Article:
Banks set for margin squeeze as $104bn of cheap funding expires

With TFF funding set to expire by mid-year, banks' funding costs are set to rise

Banks set for margin squeeze as $104bn of cheap funding expires

Australian banks are expected to face higher funding costs as $104 billion of ultra-cheap term funding from the nation's central bank is set to expire by mid-year.

This funding, provided by the Reserve Bank of Australia, was a reprieve for banks during the worst of the COVID-19 pandemic in 2020.

The Term Funding Facility (TFF) provided $188 billion of cheap loans to banks, with interest rates as low as 0.1% and terms of up to three years, The Australian reported. This facility, which closed on June 30, 2021, helped level the playing field between small and large lenders and contributed to bumper profits for banks across the board.

However, with $104 billion of these loans expiring by June 30, banks, especially smaller regional lenders, will face squeezed margins and profits. Funding costs are expected to rise as banks replace the TFF with conventional sources of funding, according to The Australian. Smaller regional banks may face greater pressure due to their inferior credit ratings.

Impact on bank profitability and lending rates

The expiration of the TFF is expected to impact bank profitability and lending rates. As banks replace the cheap funding with conventional sources, their funding costs are likely to rise. This could lead to higher lending rates for customers.

The major banks, such as Commonwealth Bank, have already started raising funds through other means, The Australian reported. For example, Commonwealth Bank raised $1.5 billion in three-year bonds in August last year, paying rates 0.75 percentage points above the bank bill swap rate.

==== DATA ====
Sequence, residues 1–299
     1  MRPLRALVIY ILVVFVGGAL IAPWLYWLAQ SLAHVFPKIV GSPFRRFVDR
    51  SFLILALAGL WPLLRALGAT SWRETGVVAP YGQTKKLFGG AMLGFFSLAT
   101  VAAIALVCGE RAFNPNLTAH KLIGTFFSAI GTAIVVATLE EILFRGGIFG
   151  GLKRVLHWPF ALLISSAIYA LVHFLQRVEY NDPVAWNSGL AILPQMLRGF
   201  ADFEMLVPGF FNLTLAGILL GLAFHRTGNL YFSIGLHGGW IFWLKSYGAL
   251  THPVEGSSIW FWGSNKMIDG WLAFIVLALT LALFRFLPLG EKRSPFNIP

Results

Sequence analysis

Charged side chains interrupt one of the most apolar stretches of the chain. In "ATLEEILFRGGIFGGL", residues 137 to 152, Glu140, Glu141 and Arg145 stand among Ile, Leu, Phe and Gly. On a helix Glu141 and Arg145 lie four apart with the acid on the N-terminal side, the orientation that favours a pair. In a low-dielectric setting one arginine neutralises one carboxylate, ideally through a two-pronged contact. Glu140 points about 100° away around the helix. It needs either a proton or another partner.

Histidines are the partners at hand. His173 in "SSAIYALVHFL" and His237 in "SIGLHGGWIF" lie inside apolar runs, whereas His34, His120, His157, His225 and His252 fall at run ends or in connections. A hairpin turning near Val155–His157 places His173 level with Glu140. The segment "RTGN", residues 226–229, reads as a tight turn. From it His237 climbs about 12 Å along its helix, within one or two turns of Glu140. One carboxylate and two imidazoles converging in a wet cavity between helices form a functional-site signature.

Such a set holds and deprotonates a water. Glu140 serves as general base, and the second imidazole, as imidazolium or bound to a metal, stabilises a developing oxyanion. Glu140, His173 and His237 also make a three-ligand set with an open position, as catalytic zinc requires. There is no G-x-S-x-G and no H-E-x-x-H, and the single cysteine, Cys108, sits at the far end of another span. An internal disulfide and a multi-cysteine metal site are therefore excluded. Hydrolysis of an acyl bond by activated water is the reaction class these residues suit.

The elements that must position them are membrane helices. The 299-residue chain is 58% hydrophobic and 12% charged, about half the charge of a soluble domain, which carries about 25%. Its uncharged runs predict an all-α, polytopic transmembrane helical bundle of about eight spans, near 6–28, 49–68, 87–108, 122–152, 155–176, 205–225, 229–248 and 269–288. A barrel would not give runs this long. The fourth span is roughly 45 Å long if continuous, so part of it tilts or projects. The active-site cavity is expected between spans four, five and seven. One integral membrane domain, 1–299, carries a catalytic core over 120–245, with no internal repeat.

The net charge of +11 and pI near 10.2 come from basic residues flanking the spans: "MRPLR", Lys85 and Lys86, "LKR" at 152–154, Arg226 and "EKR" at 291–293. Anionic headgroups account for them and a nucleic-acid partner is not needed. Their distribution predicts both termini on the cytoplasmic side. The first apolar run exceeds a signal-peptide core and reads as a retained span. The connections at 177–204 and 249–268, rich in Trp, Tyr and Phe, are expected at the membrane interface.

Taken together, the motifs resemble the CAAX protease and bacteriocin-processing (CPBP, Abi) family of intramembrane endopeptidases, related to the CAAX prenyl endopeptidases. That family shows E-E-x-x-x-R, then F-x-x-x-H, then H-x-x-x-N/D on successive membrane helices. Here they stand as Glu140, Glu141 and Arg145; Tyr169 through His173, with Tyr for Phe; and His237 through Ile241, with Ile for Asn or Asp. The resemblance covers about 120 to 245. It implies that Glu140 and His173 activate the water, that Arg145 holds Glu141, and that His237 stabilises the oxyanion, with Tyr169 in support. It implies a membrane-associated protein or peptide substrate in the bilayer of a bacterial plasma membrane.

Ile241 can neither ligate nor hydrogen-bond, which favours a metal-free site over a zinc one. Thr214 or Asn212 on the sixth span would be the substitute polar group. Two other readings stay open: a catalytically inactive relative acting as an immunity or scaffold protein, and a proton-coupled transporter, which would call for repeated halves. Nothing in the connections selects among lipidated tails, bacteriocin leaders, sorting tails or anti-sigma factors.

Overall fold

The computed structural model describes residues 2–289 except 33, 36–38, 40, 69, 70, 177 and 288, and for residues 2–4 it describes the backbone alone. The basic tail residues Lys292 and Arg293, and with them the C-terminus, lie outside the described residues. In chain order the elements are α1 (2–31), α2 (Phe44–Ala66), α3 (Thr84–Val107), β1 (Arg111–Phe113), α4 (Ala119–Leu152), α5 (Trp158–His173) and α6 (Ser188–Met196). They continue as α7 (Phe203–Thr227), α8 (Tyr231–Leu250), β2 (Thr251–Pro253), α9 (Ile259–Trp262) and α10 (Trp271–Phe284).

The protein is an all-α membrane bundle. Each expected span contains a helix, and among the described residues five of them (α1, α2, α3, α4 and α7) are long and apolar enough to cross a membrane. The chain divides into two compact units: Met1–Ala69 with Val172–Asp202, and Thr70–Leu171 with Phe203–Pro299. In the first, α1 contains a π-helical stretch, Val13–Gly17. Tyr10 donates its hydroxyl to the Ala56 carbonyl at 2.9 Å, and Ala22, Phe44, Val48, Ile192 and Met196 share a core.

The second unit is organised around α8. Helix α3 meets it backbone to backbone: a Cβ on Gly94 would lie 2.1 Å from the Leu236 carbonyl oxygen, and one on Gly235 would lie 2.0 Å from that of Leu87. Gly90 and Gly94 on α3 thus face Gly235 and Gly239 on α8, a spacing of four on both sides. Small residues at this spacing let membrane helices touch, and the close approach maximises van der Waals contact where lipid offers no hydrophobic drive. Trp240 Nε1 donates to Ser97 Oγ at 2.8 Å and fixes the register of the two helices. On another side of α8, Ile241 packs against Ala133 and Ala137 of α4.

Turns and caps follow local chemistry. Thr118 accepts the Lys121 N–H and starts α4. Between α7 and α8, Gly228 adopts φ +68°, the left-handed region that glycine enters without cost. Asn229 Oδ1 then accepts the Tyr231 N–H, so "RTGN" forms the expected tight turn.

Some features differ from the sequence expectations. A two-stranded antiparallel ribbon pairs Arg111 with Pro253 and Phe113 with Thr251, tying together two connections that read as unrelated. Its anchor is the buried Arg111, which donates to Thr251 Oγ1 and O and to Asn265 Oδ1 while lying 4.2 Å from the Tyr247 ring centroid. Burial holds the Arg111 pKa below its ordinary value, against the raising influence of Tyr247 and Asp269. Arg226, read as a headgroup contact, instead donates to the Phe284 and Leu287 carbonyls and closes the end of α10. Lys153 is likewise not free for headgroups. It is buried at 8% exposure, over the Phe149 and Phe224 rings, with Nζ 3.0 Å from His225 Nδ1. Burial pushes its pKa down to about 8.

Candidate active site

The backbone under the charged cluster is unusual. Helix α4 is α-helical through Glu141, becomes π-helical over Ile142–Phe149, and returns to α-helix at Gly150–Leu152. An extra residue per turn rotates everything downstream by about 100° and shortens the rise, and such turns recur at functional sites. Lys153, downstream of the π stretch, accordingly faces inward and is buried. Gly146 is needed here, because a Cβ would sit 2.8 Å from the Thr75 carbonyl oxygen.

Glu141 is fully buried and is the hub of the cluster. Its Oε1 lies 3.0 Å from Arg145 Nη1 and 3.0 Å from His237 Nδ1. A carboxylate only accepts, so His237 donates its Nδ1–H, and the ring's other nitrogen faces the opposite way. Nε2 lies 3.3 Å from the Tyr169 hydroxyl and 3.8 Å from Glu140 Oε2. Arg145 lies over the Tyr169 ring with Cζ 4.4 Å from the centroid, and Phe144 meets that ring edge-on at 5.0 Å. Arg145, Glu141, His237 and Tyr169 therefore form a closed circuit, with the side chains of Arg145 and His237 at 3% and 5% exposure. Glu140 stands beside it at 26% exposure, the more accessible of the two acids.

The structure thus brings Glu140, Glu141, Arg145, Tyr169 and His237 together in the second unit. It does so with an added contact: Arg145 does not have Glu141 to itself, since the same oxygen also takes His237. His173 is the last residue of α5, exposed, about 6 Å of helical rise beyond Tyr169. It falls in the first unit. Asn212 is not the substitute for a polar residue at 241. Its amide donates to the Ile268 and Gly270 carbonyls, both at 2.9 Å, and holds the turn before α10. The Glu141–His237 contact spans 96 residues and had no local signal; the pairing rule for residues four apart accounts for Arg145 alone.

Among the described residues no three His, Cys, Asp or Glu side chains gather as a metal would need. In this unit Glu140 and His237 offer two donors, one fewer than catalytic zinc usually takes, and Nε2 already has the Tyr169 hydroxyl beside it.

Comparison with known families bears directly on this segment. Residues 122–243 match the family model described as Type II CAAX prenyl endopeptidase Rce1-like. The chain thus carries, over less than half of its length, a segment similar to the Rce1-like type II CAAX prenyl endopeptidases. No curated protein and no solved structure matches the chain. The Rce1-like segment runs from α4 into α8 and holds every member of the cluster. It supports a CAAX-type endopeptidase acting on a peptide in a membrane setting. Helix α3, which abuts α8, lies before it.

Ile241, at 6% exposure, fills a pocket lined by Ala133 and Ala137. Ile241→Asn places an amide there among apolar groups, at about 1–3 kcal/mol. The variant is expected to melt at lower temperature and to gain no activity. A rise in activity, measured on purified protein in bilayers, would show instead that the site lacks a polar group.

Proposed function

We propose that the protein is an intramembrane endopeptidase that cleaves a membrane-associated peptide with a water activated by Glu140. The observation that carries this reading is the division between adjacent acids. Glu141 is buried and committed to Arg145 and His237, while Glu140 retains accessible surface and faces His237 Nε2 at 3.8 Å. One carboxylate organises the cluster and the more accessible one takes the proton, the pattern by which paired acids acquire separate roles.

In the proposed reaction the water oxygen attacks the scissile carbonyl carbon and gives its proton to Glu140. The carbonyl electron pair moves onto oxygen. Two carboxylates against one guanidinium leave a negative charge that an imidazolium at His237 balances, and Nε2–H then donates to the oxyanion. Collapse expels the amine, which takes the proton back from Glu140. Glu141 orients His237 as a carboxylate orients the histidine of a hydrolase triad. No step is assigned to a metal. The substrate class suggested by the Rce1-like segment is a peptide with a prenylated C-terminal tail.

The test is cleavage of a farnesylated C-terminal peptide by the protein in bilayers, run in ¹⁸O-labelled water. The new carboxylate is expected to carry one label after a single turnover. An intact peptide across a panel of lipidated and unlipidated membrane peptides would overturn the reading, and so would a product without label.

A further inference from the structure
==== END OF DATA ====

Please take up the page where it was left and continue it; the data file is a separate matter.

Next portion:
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The increase in funding costs is expected to be higher for smaller banks, particularly in wholesale debt markets. Commonwealth Bank, being the largest lender, demands the cheapest pricing among Australian lenders. However, even Commonwealth Bank has experienced margin pressure due to a competitive deposit market.

Funding disadvantage for regional banks

The credit ratings of banks play a significant role in determining their funding costs. The major banks, including Commonwealth Bank, Westpac, ANZ, and NAB, have higher credit ratings compared to smaller regional banks like Bendigo and Adelaide Bank, Suncorp Bank, and Bank of Queensland, The Australian reported.

The TFF had somewhat levelled the funding playing field between major and regional banks, as the cost to access the TFF was the same for all. However, with the expiration of the TFF, regional banks will go back to their natural funding disadvantage relative to the major banks.

Repayment of TFF and competition for deposits

While $104 billion of the TFF loans are set to expire by June 2024, there is still about $100 billion of TFF to be repaid back to the RBA by that time, according to The Australian. Banks are expected to repay these loans with the assistance of wholesale markets, which could slow credit growth and reduce liquidity to the private sector.

The repayment of the TFF loans is also expected to keep competition for deposits intense, as banks rush to repay their loans to the RBA. This competition for deposits could further impact banks' profitability and lending rates.

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